cjohns at cybertec.com.au
Fri Feb 22 13:28:38 UTC 2002
Bill Butler wrote:
> Could someone explain what multilib is for. I get the feeling it is
> Grand.. I just don't understand enough about it to know why.
Multilib is the term gcc uses to create a build of compiler for a
processor family. You can see what your compiler supports with :
$ m68k-rtems-gcc -print-multi-lib
m68040/msoft-float;@m68040 at msoft-float
m68060/msoft-float;@m68060 at msoft-float
So a m68k target of gcc can support a number of processors in the
family. Newlib uses this info to determine the number and type of
libraries it builds. RTEMS borrows this term.
So why does RTEMS needs this ?
The support for a cpu is selected by the configuration of a BSP you
build. Currently you take an existing but close BSP and copy it in the
source tree and build RTEMS including the core, networking stack, etc.
The result is a library that is specific to your hardware how-ever most
of the code in the library is the same for all BSPs that use that
processor. So why not separate the BSP from the core code that you
generally do not change and build multiple libraries (or multilibs) for
a processor family.
The ability to create a set of RTEMS core libraries for a specific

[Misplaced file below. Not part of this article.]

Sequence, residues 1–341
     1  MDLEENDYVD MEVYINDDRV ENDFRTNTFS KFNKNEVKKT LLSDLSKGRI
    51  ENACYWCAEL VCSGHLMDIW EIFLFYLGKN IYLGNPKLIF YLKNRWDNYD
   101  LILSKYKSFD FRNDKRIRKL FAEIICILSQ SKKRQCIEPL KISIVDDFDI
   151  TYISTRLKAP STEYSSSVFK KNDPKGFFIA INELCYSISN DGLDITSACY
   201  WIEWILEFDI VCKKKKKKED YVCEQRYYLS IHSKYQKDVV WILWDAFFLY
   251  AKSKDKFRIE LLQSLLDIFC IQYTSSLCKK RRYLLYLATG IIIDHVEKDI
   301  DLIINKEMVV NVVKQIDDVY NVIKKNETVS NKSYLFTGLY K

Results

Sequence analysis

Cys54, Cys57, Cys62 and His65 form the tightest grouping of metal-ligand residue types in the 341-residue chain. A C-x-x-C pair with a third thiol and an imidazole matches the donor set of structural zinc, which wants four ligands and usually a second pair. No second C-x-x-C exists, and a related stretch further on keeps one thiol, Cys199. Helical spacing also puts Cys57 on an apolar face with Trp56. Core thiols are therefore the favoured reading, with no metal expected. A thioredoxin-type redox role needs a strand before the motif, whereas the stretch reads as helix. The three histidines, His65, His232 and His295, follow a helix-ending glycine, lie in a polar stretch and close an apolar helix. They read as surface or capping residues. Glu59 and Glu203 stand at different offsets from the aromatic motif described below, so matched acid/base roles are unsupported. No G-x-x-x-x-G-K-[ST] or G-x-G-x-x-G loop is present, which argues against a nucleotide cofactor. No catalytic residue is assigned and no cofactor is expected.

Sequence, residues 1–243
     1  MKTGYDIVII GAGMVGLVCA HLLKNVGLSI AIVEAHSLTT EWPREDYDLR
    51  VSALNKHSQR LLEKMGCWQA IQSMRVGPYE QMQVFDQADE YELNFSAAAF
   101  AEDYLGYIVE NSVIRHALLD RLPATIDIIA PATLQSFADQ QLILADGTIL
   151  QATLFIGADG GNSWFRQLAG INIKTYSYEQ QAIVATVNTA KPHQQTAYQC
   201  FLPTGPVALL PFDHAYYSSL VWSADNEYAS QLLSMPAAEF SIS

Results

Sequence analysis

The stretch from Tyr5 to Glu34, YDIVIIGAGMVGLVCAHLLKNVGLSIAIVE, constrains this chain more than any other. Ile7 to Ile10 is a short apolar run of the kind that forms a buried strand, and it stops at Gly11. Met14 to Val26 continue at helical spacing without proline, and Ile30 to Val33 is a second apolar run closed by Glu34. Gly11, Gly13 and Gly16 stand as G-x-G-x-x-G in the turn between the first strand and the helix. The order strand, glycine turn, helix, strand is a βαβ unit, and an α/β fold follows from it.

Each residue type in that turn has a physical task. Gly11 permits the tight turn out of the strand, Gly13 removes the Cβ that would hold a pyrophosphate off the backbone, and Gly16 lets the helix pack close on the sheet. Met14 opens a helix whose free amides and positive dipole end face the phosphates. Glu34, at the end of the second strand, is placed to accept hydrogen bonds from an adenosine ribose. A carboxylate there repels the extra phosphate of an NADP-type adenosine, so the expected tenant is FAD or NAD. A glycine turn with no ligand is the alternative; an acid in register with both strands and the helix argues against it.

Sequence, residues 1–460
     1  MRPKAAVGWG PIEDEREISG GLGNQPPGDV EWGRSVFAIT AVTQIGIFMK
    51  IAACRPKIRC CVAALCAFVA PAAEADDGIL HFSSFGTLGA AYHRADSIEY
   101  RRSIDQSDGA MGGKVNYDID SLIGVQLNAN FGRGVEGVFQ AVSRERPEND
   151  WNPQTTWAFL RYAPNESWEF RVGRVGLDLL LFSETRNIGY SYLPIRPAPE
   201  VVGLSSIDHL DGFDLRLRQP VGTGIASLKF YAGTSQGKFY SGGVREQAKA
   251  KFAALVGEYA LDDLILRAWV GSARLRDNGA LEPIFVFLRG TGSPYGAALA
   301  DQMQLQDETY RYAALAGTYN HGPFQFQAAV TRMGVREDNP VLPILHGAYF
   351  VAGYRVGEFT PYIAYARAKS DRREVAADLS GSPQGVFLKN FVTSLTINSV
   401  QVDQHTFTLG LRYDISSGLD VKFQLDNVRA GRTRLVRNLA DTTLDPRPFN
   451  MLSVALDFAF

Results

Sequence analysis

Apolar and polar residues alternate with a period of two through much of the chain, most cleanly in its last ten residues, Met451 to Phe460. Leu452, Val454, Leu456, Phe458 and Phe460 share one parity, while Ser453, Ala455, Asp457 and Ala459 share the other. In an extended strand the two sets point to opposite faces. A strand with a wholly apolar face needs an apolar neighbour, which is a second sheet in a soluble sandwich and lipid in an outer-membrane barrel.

processor that all BSP's for that processor use means binary
distributions can become a reality. Adding this to the excellent set of
binary tools OAR Corp currently offers means entry and maintance of
RTEMS for a user becomes simpler. Other reasons exist. For example I can
have a single set of tested libs can be used by a number of BSPs. The
BSP provides the boot code, specific drivers etc.
The way BSP's are maintained opens up. For example the release cycle for
BSPs can increase while the core kernel which has a long release cycle
can remain at its current rate. A BSP release cycle is high while being
I am sure other good reasons exist that I have missed so I hope this
helps you understand why.
Chris Johns, cjohns at cybertec.com.au
More information about the users